However, if the private sector just saves the money it has got from the CB, QE will simply not work.
How does QE influence the currency of the country?
At first glance, QE looks like a perfect way to escape an economic crisis threatening the country. However, it entails several potential risks, one being the weakening of the national currency.
An increase in money supply can lead to the devaluation of the national currency against other world currencies – especially those of such countries where the CB does not carry out QE. Things are again logical: money supply increases noticeably, hence, its price in the world market drops. As a rule, the devaluation happens at the start of QE, while closer to the end of the program, the currency can grow significantly.
How did the QE carried out by the Fed influence the USD?
Let us have a look at how QE influences the price of financial assets on the example of QE by the US Fed.
These years, there have been 3 rounds of QE:
- QE1 started in December 2008 and ended in March 2010;
- QE2 started in November 2010 and ended in June 2011;
- QE3 started in September 2012 and ended in October 2014.
Experts say there was a fourth round that began in September 2019 but the Fed has never announced it officially. Moreover, the head of the Fed asked against calling those measures QE because they were aimed at normalizing the work of financial markets instead of decreasing interest rates.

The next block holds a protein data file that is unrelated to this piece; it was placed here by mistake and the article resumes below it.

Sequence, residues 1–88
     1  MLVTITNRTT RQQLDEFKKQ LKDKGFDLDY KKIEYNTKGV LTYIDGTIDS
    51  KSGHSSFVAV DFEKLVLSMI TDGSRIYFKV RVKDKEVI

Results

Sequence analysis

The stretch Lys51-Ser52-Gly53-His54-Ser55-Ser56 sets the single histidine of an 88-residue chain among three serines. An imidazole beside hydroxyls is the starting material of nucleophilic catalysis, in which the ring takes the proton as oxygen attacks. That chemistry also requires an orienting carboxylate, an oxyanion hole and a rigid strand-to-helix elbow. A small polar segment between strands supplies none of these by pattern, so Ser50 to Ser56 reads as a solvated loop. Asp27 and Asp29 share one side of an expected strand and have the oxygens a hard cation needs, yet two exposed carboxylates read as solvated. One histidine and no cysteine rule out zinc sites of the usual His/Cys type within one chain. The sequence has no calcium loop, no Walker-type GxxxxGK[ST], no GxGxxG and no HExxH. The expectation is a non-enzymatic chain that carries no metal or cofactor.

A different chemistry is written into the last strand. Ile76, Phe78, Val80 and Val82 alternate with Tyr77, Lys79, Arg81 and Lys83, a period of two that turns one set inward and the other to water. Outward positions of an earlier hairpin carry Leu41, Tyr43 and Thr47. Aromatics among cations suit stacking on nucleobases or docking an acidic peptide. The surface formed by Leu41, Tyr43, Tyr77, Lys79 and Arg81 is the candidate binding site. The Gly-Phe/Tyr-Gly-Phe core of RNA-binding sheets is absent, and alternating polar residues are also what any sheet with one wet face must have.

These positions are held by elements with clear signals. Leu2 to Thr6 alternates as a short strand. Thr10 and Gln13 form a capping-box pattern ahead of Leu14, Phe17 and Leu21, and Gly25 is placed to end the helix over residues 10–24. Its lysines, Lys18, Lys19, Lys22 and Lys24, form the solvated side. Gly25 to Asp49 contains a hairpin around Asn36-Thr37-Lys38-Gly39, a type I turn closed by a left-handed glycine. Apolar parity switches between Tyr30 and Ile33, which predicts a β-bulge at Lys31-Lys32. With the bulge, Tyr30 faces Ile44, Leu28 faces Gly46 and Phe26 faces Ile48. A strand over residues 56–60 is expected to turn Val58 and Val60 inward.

Now to assets. With the stock market, things are quite clear: investors buy stocks actively, and the stock market is growing. Stock indices follow suit and react positively at QE – just look at the growth of the S&P 500 in November 2008 during the Fed’s QE. Subsequent programs also supported stock indices.
However, if we look at the EUR/USD chart, we can see the US currency fall when the program was announced and being carried out. Closer to the end of QE, the dollar started to grow.
If we suppose that the fourth tour rejected by the Fed started in October 2019, the dollar supported it by a decline against the European currency – from 1.09 to 1.23.
Some say that the program must end in 2022; hence, the dollar should start growing actively around these dates as it used to do at the end of previous programs. Closer to the end of the current 2021, we might witness another falling of EUR/USD to 1.05 and lower.
Quantitative Easing is an instrument of Central banks by which they add more money to the country’s economy to stimulate consumption and production in the country. The instrument is used as the last resort when a decrease in the interest rate can only harm the economy.
Adding more money to the economy, as a rule, makes the exchange rate of the national currency fall against world currencies. This can be seen in the example of the USD and the Fed’s policy: the launch of QE made the dollar drop, while at its end, the dollar grew aggressively. This might serve as a signal to open positions.
Market analysis can be different: from drawing simple levels and lines on the chart (tech analysis) to more complicated types where we track the policy of Central banks and economic development (fundamental analysis). In the second case, we see a certain pattern based on our investigations and find out how they influence currencies.
Anyway, traders must not forget about the principles of money- and risk management. They are necessary for any type of analysis you choose.